Sunnyside Community House brimming with new opportunities


Sunnyside Community House in southeast Portland is teeming with community-minded ministries and even more outreach and worship opportunities, thanks to a partnership between the Greater Northwest Area Innovation Vitality (IV) team and The Groves Church PDX.

The Groves Church PDX moved in this summer and will be one of the primary tenants and manager of the Sunnyside Community House, which formed after Sunnyside Centenary United Methodist Church closed.

“We were definitely interested in a neighborhood-facing, multi-functional space,” said Sunia Gibbs, lead pastor and one of the IV team’s church planters in the UMC. “There’s a lot of potential for partnerships within the neighborhood. It’s just full of possibilities.”

Sunnyside Centenary United Methodist Church was renamed Sunnyside Community House after the long-time church ceased operation in the space in 2015, but community outreach programs continued in the space.

The Groves started holding worship services in August and Gibbs and the rest of her team have been getting to know the other ministries going on in the building, cleaning up spaces that have been neglected, and are aiming the focus of their ministry on three key targets: faith, art and equity.

Sunnyside Community House is home to three different non-profit theater companies, a music writing and recording studio for at-risk youth, basketball clubs, a once-a-month Burrito Brigade, Alcoholics Anonymous meetings, The Children’s Club and more.

For 38 years, Sunnyside Community House was also home to the weekly ministry Hard Times Supper, which moved out in mid-September.

“Sometimes change in a neighborhood like Sunnyside changes the nature of the work of the local church, like our new partnership with The Groves Church PDX,” said Bishop Elaine Stanovsky of the Greater Northwest Episcopal Area. “We thank Pat Schwiebert and all of the volunteers with Hard Times Supper who have been the hands and feet of God’s abundant love in the Sunnyside neighborhood for all these years and wish them well as they seek a new location for their ministry.”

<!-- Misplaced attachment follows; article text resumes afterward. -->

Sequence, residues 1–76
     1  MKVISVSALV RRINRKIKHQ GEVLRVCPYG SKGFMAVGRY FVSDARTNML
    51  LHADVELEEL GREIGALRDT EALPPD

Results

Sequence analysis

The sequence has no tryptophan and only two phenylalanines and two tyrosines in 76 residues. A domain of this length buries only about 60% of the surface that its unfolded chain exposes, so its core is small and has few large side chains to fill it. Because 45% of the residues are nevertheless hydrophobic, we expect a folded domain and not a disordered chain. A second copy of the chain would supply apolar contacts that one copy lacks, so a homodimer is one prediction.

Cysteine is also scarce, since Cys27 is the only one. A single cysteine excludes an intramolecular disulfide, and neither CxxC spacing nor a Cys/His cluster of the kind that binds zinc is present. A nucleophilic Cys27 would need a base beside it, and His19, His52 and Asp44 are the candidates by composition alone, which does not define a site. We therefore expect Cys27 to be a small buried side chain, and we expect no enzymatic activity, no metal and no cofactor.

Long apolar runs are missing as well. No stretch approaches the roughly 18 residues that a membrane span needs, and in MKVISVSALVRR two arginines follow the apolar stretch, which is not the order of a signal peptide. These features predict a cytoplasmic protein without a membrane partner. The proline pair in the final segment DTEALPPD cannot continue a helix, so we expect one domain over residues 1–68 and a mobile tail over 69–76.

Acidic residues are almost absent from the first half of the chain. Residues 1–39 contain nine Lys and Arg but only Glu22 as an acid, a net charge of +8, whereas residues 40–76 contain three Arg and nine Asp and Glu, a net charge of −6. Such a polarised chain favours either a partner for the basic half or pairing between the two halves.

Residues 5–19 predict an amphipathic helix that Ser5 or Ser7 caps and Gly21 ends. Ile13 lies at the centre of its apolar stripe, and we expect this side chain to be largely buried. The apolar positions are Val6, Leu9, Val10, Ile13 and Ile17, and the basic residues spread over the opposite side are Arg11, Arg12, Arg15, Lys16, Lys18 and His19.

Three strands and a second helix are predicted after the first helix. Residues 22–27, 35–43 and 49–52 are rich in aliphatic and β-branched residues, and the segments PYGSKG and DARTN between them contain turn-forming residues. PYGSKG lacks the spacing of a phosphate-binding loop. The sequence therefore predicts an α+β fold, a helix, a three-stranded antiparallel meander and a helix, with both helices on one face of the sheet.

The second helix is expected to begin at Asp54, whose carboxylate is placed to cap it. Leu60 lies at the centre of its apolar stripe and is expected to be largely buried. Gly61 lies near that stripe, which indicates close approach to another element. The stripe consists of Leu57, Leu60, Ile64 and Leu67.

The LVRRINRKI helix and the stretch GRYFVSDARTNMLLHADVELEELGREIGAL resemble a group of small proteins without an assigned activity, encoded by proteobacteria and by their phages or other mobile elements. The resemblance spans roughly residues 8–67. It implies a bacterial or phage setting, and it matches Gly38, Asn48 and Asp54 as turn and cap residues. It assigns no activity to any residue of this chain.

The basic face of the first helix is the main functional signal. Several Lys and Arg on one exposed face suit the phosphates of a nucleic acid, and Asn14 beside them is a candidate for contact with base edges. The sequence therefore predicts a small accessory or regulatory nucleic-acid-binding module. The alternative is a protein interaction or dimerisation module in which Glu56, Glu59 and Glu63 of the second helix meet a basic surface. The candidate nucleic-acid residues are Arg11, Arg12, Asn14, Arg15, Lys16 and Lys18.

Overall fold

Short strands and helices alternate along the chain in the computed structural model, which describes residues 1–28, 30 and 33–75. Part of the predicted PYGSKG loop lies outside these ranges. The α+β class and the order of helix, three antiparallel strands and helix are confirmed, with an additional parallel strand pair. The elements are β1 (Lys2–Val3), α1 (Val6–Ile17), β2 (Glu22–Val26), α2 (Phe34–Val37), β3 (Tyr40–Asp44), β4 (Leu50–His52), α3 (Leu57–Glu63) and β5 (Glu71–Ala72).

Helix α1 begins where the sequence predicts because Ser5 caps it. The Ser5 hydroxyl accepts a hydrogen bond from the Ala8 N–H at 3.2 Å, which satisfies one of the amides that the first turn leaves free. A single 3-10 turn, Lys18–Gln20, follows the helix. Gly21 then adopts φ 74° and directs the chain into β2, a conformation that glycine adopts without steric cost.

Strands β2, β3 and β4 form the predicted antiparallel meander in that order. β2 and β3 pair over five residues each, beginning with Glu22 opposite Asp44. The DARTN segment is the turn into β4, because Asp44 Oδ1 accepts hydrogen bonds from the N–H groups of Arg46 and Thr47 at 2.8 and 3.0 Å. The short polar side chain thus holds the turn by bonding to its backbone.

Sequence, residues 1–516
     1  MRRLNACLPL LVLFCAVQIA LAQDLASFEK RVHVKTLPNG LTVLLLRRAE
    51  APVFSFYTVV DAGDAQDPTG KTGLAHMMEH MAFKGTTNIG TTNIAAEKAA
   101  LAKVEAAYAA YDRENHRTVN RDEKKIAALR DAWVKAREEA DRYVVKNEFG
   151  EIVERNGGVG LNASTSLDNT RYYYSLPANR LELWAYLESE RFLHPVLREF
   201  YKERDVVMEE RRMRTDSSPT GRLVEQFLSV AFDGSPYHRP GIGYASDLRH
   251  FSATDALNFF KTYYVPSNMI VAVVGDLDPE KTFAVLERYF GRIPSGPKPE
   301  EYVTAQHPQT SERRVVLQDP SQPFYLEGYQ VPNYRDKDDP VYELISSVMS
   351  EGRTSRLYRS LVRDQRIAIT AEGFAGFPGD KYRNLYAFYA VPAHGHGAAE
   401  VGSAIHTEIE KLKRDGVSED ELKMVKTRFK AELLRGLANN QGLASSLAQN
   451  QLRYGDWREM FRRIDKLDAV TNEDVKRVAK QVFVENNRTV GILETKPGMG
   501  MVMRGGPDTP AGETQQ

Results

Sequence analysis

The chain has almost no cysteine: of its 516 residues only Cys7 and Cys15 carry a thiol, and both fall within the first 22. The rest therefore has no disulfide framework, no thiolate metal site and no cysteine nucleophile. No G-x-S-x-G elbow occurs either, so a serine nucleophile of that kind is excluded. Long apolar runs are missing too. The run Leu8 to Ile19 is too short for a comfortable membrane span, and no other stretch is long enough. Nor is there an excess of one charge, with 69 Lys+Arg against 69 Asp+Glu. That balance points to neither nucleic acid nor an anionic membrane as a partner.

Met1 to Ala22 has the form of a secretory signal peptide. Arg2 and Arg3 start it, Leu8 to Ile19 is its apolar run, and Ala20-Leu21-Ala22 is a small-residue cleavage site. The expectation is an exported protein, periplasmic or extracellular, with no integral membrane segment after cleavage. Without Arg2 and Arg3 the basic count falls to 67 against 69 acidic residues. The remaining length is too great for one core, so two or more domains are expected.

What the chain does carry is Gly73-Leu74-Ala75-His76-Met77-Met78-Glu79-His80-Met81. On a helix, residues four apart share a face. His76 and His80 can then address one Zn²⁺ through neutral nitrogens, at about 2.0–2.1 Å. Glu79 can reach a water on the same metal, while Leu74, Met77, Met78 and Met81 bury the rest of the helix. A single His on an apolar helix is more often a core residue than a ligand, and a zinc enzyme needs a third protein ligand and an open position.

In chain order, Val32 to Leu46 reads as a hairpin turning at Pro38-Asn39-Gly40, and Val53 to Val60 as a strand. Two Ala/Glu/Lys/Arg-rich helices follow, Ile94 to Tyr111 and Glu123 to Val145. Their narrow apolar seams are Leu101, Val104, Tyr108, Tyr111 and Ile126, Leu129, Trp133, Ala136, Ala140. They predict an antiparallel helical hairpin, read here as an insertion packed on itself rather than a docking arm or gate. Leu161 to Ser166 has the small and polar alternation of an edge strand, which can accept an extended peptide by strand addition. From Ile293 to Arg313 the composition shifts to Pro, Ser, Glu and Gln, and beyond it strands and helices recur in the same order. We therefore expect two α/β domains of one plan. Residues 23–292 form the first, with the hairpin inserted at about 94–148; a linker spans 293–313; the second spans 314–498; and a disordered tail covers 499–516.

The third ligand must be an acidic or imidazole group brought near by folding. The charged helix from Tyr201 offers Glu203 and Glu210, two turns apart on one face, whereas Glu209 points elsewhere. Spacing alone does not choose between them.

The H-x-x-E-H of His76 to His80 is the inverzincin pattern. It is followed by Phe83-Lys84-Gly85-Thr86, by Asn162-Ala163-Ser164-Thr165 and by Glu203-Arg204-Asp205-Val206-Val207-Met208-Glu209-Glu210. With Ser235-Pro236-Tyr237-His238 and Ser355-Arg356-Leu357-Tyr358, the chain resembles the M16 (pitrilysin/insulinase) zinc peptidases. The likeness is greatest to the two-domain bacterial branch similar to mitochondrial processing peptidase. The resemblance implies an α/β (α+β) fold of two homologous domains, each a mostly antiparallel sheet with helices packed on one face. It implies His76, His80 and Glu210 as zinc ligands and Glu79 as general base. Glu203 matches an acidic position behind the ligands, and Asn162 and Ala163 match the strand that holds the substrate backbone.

There are a lot of opportunities Gibbs and her team are exploring for ministry, including partnering with the neighborhood to offer services. Gibbs is now a member of the board for the Sunnyside Neighborhood Association and will seek community input as outreach opportunities grow.

The Groves PDX gathers people for Christian worship in the Sunnyside building. Gibbs is being intentional about reaching individuals who feel disconnected from traditional Christian worship. The components of the Wesleyan Quadrilateral – Scripture, reason, tradition and experience – shape the justice work she and her church are doing, in coordination with the IV team.
There are plans to partner with a center that offers seminars on faith, equity and inclusion. Additionally, The Groves is developing partnerships with Campfire USA to host an after-school program in the space.

Gibbs, who is also a musician, hopes to provide a place for artists and musicians to write and record music. The large sanctuary of the historic church goes mostly unused, and she dreams of it becoming multi-functional. Perhaps concerts can be held while light streams in through the stained-glass windows.

In the basement where Hard Times Supper used to be located, and where the Burrito Brigade still uses the industrial kitchen once a month to make food and deliver it to the houseless in the area, Gibbs has dreams of a social entrepreneurship program.

She’d love for the kitchen to be used for food entrepreneurs who are interested in learning the trade and want to serve the community.

The plan is also to continue to serve those living on the margins in the Sunnyside neighborhood – the unhoused and those who are food insecure. Gibbs is talking with the neighbors and wants to work with them as this ministry is re-imagined.

“The heartbeat of what’s going on (at Sunnyside Community House) has been a lot about the arts,” said Rev. Dr. Leroy Barber, director of innovation for an engaged church with the Greater Northwest Area Innovation Vitality Team. “It seems that fits with The Groves. Sunia is an innovator, so she’ll expand on that.”

Barber said Gibbs and her husband Paul, who co-pastor The Groves PDX, bring with them a diverse congregation that is much needed in the United Methodist Church. As is their leadership.
“They are young leaders that we need in our church,” Barber said.

Sunia Gibbs said she’s excited to connect people’s faith with their experiences in the Sunnyside neighborhood and understand how to express their faith in the community.

“I think this is a space that is ready for re-imagination,” she said.